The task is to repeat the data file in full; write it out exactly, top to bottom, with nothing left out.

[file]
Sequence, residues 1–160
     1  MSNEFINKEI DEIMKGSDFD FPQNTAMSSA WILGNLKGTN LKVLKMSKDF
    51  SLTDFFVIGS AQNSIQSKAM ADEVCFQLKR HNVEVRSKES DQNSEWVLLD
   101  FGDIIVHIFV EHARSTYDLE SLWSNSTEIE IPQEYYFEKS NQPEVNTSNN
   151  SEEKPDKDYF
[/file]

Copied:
Sequence, residues 1–160
     1  MSNEFINKEI DEIMKGSDFD FPQNTAMSSA WILGNLKGTN LKVLKMSKDF
    51  SLTDFFVIGS AQNSIQSKAM ADEVCFQLKR HNVEVRSKES DQNSEWVLLD
   101  FGDIIVHIFV EHARSTYDLE SLWSNSTEIE IPQEYYFEKS NQPEVNTSNN
   151  SEEKPDKDYF